Development & Education

Female genital mutilation is illegal in the US. So why is it still happening?

This story is a part of

Across Women's Lives

This story is a part of

Across Women's Lives

fgm-shirt.jpg

A man shows the logo of a T-shirt that reads "Stop the Cut" referring to Female Genital Mutilation (FGM) during a social event advocating against harmful practices such as FGM at the Imbirikani Girls High School in Imbirikani, Kenya, April 21, 2016. 

Credit:

Siegfried Modola/Reuters

As Adama tells me her story, the motivation for her fight, she pounds on her chest proudly.

Player utilities

Listen to the Story.

She has an enormous smile and a stylish shock of short hair. Adama is 23, originally from The Gambia. When she was a little kid there, her mother told her: "You’re going to go visit your aunt, and when you come back, we’re going to take you to school." 

"That’s how it happened," Adama recalls.

She was 7, and what happened was that her genitals were mutilated. Which is really common where Adama is from. In fact, when she went back to school, she found most of the girls in her school were also mutilated.

Adama is a survivor of female genital mutilation. She experienced it in her native Gambia, but now lives in New York City.

Credit:

Jasmine Garsd/PRI

Adama says she asked her mother, "Why did you take me to this woman ... to get mutilated?" And her mother said to her: "Well you know, when you are mutilated, you’re able to control yourself, so that when you get married, your husband will find you a virgin."

"It’s ultimately about controlling female sexuality," says Dr. Deborah Ottenheimer, who works with FGM survivors. "There are a lot of medical side effects. Difficulty with menstrual periods afterwards, chronic vaginal infections. Also women tend to have difficulty with childbirth. They have a higher rate of complications with birth."

Ottenheimer started working with FGM victims in the Bronx, which at the time she got started was receiving an influx of Somali immigrants. But Ottenheimer says "this is not an African problem. Most of the cases we know of are from Africa. But there’s a huge number of women that we know about in Indonesia who have been cut, as well as Kurdish women, as well as the Bohra of India."

About 200 million girls alive today have undergone genital mutilation. Half a million of them are in the US.

New York has the highest number of cases among US cities. A lot of those women came to the US already mutilated, like Adama. In 1996 the US passed a law criminalizing the practice, and also making it illegal to send a girl abroad to undergo the procedure. But just last week, a doctor in Michigan became the first person in the country to be arrested on charges of performing mutilations.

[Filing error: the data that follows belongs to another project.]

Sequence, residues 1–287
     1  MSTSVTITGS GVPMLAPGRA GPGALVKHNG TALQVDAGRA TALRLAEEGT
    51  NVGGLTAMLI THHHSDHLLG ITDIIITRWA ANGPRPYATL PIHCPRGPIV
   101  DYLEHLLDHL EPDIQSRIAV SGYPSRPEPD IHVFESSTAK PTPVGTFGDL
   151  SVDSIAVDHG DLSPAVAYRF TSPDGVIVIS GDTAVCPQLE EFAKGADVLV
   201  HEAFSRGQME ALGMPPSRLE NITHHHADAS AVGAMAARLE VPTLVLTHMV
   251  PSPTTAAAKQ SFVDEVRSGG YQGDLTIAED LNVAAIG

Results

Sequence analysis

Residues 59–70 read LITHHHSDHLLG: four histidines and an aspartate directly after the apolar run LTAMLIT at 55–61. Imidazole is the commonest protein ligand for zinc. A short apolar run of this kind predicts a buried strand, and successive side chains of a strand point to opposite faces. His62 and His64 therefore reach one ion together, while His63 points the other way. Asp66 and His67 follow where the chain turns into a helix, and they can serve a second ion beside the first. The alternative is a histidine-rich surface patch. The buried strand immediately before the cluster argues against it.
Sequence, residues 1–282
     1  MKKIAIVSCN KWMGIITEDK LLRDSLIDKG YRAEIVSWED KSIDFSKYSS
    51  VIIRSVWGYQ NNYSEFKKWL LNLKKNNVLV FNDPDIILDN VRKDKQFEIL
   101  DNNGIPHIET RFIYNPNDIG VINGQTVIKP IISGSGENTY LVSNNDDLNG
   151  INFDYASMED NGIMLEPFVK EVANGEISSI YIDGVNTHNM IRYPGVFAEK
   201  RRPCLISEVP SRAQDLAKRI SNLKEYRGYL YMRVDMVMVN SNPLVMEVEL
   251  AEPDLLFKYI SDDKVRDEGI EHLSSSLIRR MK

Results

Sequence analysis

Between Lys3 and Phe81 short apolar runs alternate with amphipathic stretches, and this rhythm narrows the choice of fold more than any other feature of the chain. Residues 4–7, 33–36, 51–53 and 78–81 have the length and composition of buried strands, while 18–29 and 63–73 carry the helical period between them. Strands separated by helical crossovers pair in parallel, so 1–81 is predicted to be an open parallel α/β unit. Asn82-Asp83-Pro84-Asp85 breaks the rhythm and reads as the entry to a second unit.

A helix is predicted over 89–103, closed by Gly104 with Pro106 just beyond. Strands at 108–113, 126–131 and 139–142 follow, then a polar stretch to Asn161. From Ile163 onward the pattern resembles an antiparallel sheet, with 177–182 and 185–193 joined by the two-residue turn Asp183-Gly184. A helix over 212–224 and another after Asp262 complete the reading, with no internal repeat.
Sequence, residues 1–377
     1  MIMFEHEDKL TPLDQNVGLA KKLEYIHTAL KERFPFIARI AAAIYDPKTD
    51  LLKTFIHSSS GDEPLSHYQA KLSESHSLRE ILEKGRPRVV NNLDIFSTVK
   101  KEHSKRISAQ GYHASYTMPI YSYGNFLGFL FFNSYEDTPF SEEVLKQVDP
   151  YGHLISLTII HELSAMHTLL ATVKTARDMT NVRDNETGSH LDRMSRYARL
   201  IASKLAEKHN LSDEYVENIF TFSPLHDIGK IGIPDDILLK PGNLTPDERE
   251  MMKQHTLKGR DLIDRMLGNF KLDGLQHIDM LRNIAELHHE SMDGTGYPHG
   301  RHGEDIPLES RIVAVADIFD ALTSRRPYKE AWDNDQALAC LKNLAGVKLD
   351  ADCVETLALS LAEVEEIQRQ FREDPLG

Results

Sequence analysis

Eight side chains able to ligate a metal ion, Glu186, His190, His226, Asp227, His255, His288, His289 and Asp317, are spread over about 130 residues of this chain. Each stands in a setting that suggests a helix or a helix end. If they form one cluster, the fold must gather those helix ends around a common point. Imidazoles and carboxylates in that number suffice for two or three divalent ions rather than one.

Mariama Diallo, a social worker in New York, says she’s not surprised. She's heard anecdotes in the community, of local practitioners. Diallo works with Sanctuary For Families, a nonprofit fighting gender violence. She herself is from Guinea, where more than 95 percent of women have experienced genital mutilation. She hosts talks in New York City communities where it’s a common practice.

"The ultimate goal is to educate them, to prevent this from happening to their children," she says.

But, why would a woman who went through this agonizing ritual in her home country put her own daughters through it, once they live here, in the US? "Immigration creates a fear in families," Diallo explains. "They are so scared to lose their own identities."

Which raises all these questions — like, what if a culture’s age-old tradition is considered inhumane to the rest of the world?

Diallo says, in her mind, there is no question. "We cannot please someone else’s culture while we are harming a child. It is child abuse. It is happening to minors. It is happening to someone who doesn’t have self determination."

I ask her how she thinks this practice could be eradicated. And she says men are the key. If men are on board, it can be solved.

"Men need to feel comfortable, to say, 'Yes, I am proud to marry a woman who is not mutilated,'" she says.

Until that happens, Diallo is helping the women who suffered mutilation move forward. She gathers survivors in support groups to talk about what they went through. "You know ... it’s amazing to see how much these women are resilient. They are so strong," she says.

This is something Adama has given a lot of thought, too. Especially the question of whether she is "whole."

"I’m still a woman, OK?" she says. "It just happened, but I’m still a woman. I am full."

Her dream is to study international relations and go back The Gambia, to help stop female genital mutilation. She’s got a youthful eagerness; she wants to eat the world up. If I had met her on the subway, I wouldn’t have known she struggles with anything particularly difficult.

Every morning, when she wakes up, she says she tells herself that there’s nothing wrong with her. "So I wake up in the morning and I have to write something great about myself."

I ask her what she told herself this morning.

"I’m the greatest!" she laughs.